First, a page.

For example, you might use static stretching for your hamstrings by putting your feet together and folding forward to reach your toes, and holding there for 15-20 seconds. A dynamic hamstring stretch may include lifting your legs, alternating each leg, up as high as you can without bending the knee, and meeting your toe with your opposite hand. You might continue this for 30 seconds. Here, you’re still stretching your hamstrings but you’re not holding the stretch for long. You’re also engaged in more movement so you’re including other parts of your body in the warm-up, and you’re slowly bringing up your heart rate.

Static stretching is not the enemy here; it’s a great way to improve flexibility and range of motion. It simply works better after a workout as a cool down.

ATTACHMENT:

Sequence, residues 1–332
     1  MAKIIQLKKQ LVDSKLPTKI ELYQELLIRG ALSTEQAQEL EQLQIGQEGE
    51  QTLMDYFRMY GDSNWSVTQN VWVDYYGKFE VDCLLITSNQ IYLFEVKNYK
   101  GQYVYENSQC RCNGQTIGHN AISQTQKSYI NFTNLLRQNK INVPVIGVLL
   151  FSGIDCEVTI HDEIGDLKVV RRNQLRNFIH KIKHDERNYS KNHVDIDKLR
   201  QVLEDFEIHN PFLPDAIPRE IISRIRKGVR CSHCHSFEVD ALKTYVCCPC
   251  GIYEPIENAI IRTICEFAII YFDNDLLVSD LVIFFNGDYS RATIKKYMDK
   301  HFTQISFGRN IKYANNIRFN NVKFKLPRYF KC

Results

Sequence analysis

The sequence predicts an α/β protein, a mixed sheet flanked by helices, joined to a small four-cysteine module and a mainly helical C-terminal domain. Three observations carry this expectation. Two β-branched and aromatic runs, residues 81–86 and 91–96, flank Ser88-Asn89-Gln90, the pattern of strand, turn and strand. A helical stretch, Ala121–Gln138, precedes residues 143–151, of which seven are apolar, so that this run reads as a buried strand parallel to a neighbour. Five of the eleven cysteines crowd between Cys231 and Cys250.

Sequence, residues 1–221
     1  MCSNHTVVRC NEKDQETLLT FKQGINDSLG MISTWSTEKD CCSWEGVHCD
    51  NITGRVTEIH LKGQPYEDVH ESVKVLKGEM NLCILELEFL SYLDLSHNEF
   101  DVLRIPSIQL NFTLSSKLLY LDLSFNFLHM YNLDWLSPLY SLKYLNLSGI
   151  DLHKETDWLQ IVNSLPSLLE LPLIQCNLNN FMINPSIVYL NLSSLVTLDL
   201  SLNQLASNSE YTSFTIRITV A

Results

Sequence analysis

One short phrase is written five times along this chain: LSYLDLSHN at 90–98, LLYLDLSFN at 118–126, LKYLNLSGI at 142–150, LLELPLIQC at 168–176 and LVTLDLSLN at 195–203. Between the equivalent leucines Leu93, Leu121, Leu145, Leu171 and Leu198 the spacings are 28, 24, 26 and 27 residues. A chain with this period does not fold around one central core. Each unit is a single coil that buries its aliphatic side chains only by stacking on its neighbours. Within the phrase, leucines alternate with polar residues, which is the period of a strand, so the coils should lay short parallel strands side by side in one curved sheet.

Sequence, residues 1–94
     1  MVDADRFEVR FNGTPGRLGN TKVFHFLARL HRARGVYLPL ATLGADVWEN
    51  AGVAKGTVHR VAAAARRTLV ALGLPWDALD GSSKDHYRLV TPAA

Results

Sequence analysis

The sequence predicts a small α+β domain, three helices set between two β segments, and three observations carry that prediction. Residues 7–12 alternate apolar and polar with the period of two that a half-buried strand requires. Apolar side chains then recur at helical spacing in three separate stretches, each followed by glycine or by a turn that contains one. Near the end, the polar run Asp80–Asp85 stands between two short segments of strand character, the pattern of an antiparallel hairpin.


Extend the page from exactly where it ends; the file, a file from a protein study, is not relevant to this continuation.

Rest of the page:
Warm-Up Exercises for Boxing

Here are some great boxing warm-up drills to try out before your next training session.

Light Cardio

Start off with light cardio exercises, like jumping rope, shadow boxing, or jogging. These are familiar exercises for boxers and are all great ways to start elevating the heart rate, raising your core temperature, and getting you ready for more strenuous exercises. Start off simple and include more intermediate moves as you get warmed up.

For example, if your jumping rope, start with your feet together. When you feel ready, move on to alternating toe to heel action or other moves you want to include.

You should go on for 5-10 minutes altogether with your cardio warm up.

Strengthening & Mobility Exercises